The Troubling Ethics of Timothy Geithner
In describing a suspicious character who had visited his home, Ralph Waldo Emerson said, "The louder he talked of his honor, the faster we counted our spoons."
Average Americans today might need to be counting their spoons, because President Obama and the Congress have visited Timothy Geithner upon us. He's the new treasury secretary, our nation's top financial official, whose duties include handling the ongoing Wall Street debacle.
Not only has Geithner felt it necessary to talk insistently about his honor, but Obama and assorted members of Congress have also felt compelled to assure us that Tim really is an honest guy. It's a bit like hanging a sign on the Treasury building declaring, "Honest Tim's Used Bailouts."
What forced this rash of testimonials to Geithner's integrity is that, in a 2006 audit, the IRS found that he had failed to pay his Social Security and Medicare taxes for 2003 and 2004. Oops, my bad, said Geithner at the time, ponying up $16,732 for back taxes and interest.
But — oops, again — when he was being vetted for the Treasury job last November, it turns out he'd also dodged these same payroll taxes in 2001 and 2002. He conveniently failed to volunteer these earlier violations to the auditors in 2006. Nailed by the presidential vetters, Geithner sheepishly rushed out another belated payment to the IRS, this one totaling $25,970.
"It was an innocent mistake," Obama quickly asserted when the transgression became public: "Careless and avoidable, but unintentional," insisted the perpetrator himself. "A lot to do about nothing," said Sen. Judd Gregg, dismissively.
Well, plenty of people do make mistakes on their tax forms, or even occasionally try to scoot by Uncle Sam without paying the full due bill. But none of these folks was nominated to run the agency that includes the IRS! And none of them has worked in key positions at the Treasury under three presidents, been a major official at the International Monetary Fund or headed the Federal Reserve Bank of New York for the past five years, as has Geithner.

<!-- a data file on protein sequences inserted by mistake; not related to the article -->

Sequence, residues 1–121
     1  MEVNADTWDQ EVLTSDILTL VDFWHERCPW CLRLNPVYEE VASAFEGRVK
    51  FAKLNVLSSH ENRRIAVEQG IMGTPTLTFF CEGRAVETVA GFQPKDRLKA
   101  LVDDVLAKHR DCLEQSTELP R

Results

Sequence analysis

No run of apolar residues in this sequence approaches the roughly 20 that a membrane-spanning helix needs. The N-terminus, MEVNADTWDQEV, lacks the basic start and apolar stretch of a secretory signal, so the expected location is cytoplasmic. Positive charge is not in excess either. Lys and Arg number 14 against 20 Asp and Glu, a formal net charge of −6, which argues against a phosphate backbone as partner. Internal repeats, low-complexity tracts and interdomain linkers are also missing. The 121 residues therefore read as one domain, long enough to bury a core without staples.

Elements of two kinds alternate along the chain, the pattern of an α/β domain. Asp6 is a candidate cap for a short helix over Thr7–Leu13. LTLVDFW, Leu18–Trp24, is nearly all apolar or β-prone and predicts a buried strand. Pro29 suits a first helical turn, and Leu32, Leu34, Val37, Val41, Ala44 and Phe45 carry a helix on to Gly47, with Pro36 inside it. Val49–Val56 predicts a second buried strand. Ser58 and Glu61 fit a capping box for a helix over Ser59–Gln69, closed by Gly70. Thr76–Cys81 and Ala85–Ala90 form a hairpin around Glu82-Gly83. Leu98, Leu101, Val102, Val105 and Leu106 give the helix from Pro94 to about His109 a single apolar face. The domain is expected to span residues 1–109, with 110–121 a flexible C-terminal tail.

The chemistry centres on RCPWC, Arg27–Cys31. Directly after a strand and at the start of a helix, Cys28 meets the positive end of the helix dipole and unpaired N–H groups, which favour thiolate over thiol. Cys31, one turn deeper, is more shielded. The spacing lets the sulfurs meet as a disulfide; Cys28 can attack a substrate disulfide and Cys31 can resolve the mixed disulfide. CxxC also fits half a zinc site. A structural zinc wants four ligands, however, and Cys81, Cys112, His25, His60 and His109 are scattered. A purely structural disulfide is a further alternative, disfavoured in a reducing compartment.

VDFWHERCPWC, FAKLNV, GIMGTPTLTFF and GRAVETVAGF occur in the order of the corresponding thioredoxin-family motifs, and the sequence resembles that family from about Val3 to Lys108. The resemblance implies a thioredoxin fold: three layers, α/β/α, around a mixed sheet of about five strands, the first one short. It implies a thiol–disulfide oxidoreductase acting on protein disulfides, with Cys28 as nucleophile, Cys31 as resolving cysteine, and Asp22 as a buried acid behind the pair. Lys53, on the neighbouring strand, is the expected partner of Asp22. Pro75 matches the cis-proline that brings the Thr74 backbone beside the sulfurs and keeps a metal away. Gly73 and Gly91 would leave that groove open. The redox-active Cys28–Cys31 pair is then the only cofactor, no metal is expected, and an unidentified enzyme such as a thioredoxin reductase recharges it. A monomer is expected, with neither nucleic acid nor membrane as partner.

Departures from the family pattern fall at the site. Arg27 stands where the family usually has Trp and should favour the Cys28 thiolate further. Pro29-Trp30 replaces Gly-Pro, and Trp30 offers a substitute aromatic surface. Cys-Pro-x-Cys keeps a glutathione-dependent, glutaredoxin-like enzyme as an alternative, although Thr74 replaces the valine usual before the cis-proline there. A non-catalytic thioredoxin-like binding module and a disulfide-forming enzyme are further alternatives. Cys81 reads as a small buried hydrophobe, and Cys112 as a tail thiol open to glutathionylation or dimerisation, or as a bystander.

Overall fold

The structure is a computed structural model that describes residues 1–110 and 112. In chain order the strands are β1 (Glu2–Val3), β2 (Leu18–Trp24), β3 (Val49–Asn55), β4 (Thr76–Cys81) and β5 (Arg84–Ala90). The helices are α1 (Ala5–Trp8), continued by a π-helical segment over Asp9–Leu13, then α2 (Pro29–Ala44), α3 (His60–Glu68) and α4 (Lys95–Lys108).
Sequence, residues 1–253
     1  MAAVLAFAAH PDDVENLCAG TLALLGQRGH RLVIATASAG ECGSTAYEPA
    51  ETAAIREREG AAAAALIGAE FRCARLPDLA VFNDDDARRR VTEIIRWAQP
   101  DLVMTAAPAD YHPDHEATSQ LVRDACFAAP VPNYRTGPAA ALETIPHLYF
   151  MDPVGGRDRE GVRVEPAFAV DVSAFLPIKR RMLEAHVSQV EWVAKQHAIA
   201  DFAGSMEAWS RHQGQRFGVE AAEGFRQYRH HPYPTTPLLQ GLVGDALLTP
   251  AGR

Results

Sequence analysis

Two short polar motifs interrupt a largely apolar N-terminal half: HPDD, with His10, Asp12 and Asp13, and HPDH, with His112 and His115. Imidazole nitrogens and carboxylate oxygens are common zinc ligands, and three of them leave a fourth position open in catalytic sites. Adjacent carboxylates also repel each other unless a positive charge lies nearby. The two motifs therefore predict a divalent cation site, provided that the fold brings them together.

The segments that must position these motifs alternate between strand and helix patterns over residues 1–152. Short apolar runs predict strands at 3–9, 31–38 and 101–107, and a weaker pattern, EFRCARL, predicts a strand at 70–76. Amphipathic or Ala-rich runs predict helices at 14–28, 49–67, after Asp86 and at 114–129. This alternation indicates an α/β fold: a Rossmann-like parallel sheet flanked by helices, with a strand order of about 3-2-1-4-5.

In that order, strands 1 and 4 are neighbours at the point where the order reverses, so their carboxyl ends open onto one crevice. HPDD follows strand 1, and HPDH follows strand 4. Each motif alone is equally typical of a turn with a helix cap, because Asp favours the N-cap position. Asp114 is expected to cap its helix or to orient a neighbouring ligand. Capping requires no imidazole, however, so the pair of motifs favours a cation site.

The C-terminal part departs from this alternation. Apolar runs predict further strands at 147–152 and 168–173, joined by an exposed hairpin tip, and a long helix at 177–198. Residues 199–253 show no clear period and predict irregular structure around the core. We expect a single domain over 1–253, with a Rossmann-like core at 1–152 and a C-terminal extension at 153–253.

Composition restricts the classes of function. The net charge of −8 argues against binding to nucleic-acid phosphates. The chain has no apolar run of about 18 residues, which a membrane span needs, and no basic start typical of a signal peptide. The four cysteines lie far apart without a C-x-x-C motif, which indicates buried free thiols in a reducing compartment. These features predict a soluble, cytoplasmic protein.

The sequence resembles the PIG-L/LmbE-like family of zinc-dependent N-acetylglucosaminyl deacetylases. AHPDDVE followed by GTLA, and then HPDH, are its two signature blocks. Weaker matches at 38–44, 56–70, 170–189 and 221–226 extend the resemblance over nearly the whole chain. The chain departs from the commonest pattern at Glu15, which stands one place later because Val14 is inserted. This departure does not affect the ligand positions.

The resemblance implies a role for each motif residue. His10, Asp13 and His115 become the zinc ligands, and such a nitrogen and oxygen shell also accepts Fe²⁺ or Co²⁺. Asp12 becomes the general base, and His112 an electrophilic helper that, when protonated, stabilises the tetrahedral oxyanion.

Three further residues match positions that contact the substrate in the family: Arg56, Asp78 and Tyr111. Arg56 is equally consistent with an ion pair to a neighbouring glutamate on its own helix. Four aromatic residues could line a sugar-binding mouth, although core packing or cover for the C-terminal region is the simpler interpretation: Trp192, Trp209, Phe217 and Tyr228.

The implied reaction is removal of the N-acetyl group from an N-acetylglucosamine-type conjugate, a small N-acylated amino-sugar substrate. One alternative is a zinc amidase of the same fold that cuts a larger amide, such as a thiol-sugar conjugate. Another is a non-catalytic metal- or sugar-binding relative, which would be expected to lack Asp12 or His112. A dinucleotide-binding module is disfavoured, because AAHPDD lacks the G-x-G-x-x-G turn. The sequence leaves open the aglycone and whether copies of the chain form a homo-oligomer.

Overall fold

What we have here is a treasury secretary with what The New York Times called "a cavalier attitude" toward paying his own taxes, thus tainting his ability to command respect from us hoi polloi.
Yet the White House and Congress, which talk ceaselessly about the ethic of personal responsibility, mostly averted their eyes.
The whole system rallied round, touting Tim's expertise and insisting that in today's treacherous financial currents, he was the one to guide us through. "He's a very, very competent guy," attested Sen. Orrin Hatch. "He isn't merely the best choice," gushed Sen. Charles Grassley, "he's the only choice."
And these are the Republicans!
Grassley then delivered the ultimate endorsement of Geithner, declaring, "He fits in." This embrace was seconded by the lobbyist for Wall Street's biggest firms, who said, "The industry is very supportive" of the appointment.
I'll bet! After all, Geithner spent his time at the New York Fed as a backer of the disastrous financial deregulation policy that, at first, wildly profited big banks and speculators, before inevitably leading to the collapse that is now crushing our nation's economy. Since the crash, he's been a chief architect of the failed bailout scam that has shoved trillions of our tax dollars into the hands of the very banking hotshots who made this mess.
And now, as treasury secretary, Geithner is pushing Obama to pursue a second bailout scheme that would take all of the bad investments that Wall Street made and "give" them to the government (i.e., us taxpayers) to manage. His scheme would clean up the ledgers of the banks, making them solvent at our expense, while leaving the same old bankers and their major investors in charge, suffering no penalty for the enormous damage they wreaked on us.
Count your spoons. This is not the "change" that so many of us voted for. It's the deliberate perpetuation of Wall Street's ethic of greed.
To find out more about Jim Hightower, and read features by other Creators Syndicate writers and cartoonists, visit the Creators Syndicate web page at www.creators.com.
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